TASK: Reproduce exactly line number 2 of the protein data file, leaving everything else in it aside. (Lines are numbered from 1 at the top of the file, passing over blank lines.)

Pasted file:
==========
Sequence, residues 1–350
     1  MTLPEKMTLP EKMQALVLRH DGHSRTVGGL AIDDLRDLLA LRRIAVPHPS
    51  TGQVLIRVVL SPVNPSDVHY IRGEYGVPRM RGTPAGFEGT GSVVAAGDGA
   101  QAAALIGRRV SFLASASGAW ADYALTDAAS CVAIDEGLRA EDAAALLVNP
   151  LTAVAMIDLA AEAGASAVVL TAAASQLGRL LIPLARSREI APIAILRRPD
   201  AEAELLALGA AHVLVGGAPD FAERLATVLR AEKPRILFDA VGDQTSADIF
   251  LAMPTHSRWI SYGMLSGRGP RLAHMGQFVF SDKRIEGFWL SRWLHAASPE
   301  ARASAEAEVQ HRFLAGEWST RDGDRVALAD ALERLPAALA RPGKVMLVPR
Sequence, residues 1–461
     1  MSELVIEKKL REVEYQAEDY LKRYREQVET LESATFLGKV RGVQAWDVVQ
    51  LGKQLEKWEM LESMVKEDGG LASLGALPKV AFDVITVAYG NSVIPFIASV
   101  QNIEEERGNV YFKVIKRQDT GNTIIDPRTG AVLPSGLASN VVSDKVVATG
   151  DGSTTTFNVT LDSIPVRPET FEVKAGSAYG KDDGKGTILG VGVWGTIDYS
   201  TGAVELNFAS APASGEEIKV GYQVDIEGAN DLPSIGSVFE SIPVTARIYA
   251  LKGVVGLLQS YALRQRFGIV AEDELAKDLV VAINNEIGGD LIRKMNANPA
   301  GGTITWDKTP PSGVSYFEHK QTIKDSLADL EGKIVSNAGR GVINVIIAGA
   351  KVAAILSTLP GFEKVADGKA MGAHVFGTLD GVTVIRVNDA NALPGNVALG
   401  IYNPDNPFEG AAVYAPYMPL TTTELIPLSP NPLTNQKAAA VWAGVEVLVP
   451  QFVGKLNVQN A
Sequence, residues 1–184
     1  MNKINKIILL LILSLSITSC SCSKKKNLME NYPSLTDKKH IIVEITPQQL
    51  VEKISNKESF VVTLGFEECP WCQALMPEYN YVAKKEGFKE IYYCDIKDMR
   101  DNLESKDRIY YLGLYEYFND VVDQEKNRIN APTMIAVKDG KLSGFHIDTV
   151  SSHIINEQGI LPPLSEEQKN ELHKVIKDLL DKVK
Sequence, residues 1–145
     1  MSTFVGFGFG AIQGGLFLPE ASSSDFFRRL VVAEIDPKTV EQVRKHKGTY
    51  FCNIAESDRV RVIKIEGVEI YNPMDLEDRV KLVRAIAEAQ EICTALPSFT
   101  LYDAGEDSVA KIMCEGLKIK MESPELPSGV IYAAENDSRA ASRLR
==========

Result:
     1  MTLPEKMTLP EKMQALVLRH DGHSRTVGGL AIDDLRDLLA LRRIAVPHPS